Of course, feel free to provide counter-evidence, sugesting that the flu vaccine does not reduce the rate of infection, serious side-effects or death from flu.

http://www2.cochrane.org/reviews/en/ab001269.html

“Influenza vaccines have a modest effect in reducing influenza symptoms and working days lost. There is no evidence that they affect complications, such as pneumonia, or transmission.”

“The review showed that reliable evidence on influenza vaccines is thin but there is evidence of widespread manipulation of conclusions and spurious notoriety of the studies.”

http://www2.cochrane.org/reviews/en/ab004876.html

“Due to the general low quality of non-RCTs and the likely presence of biases, which make interpretation of these data difficult and any firm conclusions potentially misleading, we were unable to reach clear conclusions about the effects of the vaccines in the elderly.”

http://www2.cochrane.org/reviews/en/ab005187.html

“We conclude there is no evidence that vaccinating HCWs prevents influenza in elderly residents in LTCFs.”

Augie, ever heard of Google Scholar? Google Scholar ‘Influenza vaccination rates study’. Over 56,000 articles come up.

First page, this nice study comes up: Hak et al (2005) http://archinte.ama-assn.org/cgi/content/abstract/165/3/274, based on a study of >75,000 people.

“Conclusion: Persons with high-risk medical conditions of any age can substantially benefit from annual influenza vaccination during an epidemic.”

By ‘substanstantially benefit’, they include not dying.

Google Scholar is free to use, and links to all paper abstracts. Go on, give it a whirl.

Antifax.flurfer.net

Heh, I figured augustine would cite Cochrane reviews.

And…??? What’s the problem? Do you have a problem with cochrane? Is this just a simple ad hominem because you have no substance to counter with?

What’s wrong with Cochrane reviews? I’ve looked for some kind of controversy and I haven’t turned anything up.

@Todd W,

Given the apparent philosophical leanings of the current crop of influenza reviewers at Cochrane, that’s not surprising.

Since in augustine’s reasoning, even one negative outcome from a positive intervention (i.e. vaccination) is worse than the thousands of negative outcomes that would have occurred if that intervention had not been used, it is probably (another word augustine does not understand) hopeless to try to reason with him. But, it is still useful for the benefit of people on the fence who come here looking for information.

Actually, just getting augustine to cite published medical literature is a major achievement.

I was pretty sure I had read a recent blog post pointing out that the studies cited by augustine were limited to cases where the net benefit was minimal and set aside all the other cases where the benefit was much more significant.

I didn’t find one, although I did find one Cochrane review, Vaccines for prophylaxis of viral infections in patients with hematological malignancies, by Cheuk DKL, Chiang AKS, Lee TL, Chan GCF, Ha SY, which noted that:

Inactivated influenza vaccine might reduce upper and lower respiratory infections and hospitalization in adults with multiple myeloma who are undergoing chemotherapy, or children with leukemia or lymphoma within two years post-chemotherapy.

The closest I could come was Dr Mark Crislip’s October review of a February 2010 update of augustine’s third link.

http://www.sciencebasedmedicine.org/?p=7714#more-7714

I noted that he disagrees with their conclusions.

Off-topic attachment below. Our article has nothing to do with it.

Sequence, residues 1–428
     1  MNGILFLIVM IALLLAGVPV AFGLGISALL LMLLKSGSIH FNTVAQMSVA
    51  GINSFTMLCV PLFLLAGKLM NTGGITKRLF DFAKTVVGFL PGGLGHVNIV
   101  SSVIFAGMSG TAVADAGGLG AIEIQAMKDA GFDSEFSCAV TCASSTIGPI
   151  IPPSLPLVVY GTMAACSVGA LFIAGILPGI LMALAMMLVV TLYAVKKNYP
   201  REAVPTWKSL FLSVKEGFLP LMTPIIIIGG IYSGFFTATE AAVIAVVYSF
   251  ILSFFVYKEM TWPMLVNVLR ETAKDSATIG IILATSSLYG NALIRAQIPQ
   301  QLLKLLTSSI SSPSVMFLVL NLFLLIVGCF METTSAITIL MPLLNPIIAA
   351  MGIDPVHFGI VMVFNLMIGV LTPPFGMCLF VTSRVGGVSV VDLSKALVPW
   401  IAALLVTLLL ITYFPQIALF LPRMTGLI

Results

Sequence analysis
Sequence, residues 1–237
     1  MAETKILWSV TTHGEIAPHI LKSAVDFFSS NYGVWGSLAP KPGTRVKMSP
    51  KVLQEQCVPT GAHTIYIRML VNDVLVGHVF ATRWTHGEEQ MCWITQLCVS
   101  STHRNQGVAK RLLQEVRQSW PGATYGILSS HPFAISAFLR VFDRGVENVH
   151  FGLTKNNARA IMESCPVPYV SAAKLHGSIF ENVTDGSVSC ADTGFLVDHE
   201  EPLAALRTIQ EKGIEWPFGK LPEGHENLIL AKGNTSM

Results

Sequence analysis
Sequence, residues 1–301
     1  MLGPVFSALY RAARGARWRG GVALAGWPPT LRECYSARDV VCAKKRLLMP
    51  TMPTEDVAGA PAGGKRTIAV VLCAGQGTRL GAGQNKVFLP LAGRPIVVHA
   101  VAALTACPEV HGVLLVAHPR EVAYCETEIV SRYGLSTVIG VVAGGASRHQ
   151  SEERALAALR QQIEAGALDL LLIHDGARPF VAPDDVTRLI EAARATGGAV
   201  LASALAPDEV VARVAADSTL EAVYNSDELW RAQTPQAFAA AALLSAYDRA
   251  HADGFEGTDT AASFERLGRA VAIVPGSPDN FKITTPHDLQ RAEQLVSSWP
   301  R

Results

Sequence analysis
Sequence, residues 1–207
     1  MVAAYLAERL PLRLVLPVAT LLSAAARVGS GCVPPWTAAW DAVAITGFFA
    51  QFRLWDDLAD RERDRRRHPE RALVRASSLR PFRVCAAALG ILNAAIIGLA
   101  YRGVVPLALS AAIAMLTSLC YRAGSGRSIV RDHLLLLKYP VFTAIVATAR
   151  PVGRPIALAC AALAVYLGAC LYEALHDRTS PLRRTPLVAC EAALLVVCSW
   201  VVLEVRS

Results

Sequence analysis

While noting that “pooled data from three C-RCTs showed reduced all-cause mortality in individuals >/= 60.”, they go on to say “The key interest is preventing laboratory-proven influenza in individuals >/= 60, pneumonia and deaths from pneumonia, and we cannot draw such conclusions.” No, it is not the key interest. Most deaths from influenza are secondary deaths from exacerbation of underlying medical problems. All-cause mortality is an important endpoint, especially if you are the one dying.

I also thought the following quote describes augustine (and a few of our other favorite trolls) quite well:

I get the sense that those who rail against the morbidity and mortality of modern medicine are the same who would decry mandatory vaccination, even though it would improve the safety in the hospital that they so fret about.

More of a lurker than a particpant, but still an interested reader,

SquirrelElite

Mark Crislip at SBM indicates there may be some issues with Cochrane flu reviews.

Some of Mark’s best supporting links are in the comments.

Todd W. may have additional suggestions as to why Cochrane flu reviews may be less than stellar support for the troll’s claims.

@augustine,

Q1, “And…??? ” doesn’t even count.

Q2, “What’s the problem?” is merely rhetorical.

For Q3, “Do you have a problem with cochrane?”, try reading my previous comment. Better yet, do a search on Cochrane at Science-Based Medicine and read a lot of the articles.

The Cochrane Reviews are the current epitome or at least the most publicly visible exemplar of Evidence-Based Medicine, which places randomized controlled trials at the highest level of evidence. The problem with that is that it places well established science at a much lower value level, not much above mere anecdotes and suppositions. The result is a lot of reviews of scientifically dubious interventions like homeopathy and acupuncture that can only conclude, to borrow from one of your sources, “High quality RCTs are required”.

Science Based Medicine attempts to address this weakness by giving more weight to well established science.

Q4, “Is this just a simple ad hominem because you have no substance to counter with?” perfectly describes about 90% of your comments.

It is often claimed that CDC wanted the early vaccine-autism studies to come out a certain way. If they were paying for results, Thorsen wouldn’t have needed to embezzle.